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Comment & Response |

Medulloblastoma and Dizziness

Miguel Gelabert-González, MD, PhD1; Eduardo Arán-Echabe, MD1
[+] Author Affiliations
1Department of Surgery, University of Santiago de Compostela, Santiago de Compostela, Spain
JAMA Neurol. 2014;71(6):801. doi:10.1001/jamaneurol.2014.173.
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To the Editor We read with interest the article by Shu et al1 and we would like to make the following observations on the basis of our personal experience.

Medulloblastoma is a primitive neuroectodermal tumor and about 50% of these tumors occur in children aged younger than 5 years, whereas they are rare in adolescents and young adults. Medulloblastoma behaves differently in adults than in children and is identified as a different biological and clinical entity. It exhibits a higher proportion of desmoplastic histologic characteristics than childhood medulloblastoma and shows a higher incidence within the cerebellar hemispheres, thus featuring different proliferative and apoptotic indices and having a tendency for late relapse.2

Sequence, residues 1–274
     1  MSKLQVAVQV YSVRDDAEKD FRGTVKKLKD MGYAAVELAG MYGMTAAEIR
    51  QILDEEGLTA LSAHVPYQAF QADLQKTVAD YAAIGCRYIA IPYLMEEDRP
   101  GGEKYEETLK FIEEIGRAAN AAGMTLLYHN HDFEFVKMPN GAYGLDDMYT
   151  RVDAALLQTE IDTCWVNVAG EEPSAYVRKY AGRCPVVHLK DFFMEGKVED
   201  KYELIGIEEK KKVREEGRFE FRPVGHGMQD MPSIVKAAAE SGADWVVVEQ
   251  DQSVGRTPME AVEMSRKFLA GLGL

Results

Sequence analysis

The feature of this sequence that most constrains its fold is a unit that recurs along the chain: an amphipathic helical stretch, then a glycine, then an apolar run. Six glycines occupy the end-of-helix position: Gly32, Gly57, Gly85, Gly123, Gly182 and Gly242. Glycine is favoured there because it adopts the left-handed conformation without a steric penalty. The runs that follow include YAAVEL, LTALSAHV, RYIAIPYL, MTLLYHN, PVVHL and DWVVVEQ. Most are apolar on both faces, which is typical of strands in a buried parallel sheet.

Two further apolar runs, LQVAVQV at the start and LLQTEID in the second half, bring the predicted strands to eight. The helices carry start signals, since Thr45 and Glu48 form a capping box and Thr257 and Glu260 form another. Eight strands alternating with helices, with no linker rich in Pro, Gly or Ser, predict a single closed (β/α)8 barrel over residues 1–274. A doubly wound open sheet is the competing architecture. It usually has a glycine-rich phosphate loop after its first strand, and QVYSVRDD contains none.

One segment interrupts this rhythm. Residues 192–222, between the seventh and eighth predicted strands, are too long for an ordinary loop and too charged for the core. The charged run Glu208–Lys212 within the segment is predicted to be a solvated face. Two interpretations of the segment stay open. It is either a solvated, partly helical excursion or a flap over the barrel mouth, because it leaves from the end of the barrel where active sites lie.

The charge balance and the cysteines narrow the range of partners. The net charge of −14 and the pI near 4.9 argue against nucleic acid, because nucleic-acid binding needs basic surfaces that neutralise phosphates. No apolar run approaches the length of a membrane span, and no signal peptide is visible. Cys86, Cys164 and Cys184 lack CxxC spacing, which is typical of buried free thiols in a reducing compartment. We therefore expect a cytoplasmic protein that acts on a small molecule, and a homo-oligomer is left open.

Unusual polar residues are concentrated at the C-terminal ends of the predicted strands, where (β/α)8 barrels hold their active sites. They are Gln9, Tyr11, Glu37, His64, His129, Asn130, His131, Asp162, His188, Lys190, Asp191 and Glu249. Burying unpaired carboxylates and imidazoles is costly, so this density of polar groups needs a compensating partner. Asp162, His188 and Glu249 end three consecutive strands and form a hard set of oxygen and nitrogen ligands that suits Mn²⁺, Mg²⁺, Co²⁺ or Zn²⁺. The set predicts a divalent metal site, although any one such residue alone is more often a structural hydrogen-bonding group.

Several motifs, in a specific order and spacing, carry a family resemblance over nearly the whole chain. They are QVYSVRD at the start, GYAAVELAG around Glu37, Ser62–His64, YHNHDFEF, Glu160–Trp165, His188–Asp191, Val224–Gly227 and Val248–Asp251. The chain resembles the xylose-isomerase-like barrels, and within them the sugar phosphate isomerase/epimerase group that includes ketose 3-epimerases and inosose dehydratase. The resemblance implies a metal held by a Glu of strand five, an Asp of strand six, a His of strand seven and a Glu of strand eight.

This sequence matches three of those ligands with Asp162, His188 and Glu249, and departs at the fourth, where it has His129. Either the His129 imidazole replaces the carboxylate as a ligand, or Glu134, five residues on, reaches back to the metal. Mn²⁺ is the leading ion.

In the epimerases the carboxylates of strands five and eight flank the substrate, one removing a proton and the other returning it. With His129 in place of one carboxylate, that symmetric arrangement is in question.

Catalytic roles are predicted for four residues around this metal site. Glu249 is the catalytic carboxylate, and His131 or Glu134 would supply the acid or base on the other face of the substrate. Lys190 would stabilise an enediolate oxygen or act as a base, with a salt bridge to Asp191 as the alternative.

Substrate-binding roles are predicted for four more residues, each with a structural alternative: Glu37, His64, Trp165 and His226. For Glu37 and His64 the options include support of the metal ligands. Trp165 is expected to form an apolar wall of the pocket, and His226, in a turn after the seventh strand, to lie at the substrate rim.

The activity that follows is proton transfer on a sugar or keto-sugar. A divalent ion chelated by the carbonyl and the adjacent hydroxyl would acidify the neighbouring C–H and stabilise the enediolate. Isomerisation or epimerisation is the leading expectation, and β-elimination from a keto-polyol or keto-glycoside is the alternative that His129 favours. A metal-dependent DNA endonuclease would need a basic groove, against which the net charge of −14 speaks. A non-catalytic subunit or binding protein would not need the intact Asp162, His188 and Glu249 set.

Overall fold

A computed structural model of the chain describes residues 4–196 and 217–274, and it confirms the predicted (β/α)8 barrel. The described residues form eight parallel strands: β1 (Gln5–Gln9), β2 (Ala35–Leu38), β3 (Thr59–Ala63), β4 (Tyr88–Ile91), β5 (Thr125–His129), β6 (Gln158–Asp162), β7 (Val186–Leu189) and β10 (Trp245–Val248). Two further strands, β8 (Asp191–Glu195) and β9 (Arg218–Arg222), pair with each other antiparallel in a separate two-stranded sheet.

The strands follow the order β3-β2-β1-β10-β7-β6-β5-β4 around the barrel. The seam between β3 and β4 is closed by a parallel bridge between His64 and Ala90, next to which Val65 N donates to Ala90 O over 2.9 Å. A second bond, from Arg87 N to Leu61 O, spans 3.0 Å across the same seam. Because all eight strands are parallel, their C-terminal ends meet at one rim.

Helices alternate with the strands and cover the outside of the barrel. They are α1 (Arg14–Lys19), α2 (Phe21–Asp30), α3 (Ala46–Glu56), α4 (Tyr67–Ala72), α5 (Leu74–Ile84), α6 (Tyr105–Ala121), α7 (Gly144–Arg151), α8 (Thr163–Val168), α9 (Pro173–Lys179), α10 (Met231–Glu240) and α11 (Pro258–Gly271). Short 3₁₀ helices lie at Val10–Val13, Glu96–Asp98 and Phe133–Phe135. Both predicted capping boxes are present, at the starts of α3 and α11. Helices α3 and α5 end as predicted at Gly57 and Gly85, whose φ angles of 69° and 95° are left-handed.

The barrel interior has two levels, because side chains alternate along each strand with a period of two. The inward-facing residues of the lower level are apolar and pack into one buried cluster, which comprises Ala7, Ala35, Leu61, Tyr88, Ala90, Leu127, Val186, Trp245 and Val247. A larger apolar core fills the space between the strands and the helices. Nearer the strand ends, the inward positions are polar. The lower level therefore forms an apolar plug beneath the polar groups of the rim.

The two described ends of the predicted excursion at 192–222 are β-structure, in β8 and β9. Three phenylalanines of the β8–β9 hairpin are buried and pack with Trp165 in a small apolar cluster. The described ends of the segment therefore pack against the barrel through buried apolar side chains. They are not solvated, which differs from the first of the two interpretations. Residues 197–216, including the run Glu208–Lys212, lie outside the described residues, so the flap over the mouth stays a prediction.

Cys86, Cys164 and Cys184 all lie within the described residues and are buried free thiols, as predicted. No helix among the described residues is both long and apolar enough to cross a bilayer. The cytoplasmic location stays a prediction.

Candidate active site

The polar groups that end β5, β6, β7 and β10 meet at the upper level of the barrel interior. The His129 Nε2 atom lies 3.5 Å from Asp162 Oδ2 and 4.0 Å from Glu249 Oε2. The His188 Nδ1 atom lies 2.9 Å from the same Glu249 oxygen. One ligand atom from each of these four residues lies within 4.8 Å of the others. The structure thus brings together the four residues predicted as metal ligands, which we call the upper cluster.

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June 1, 2014
James Battiste, MD, PhD; Francy Shu, MD; Steven Vernino, MD, PhD
1Peggy and Charles Stephenson Cancer Center, University of Oklahoma, Oklahoma City
2Department of Neurology and Neurotherapeutics, University of Texas Southwestern Medical Center, Dallas
JAMA Neurol. 2014;71(6):801-802. doi:10.1001/jamaneurol.2014.522.
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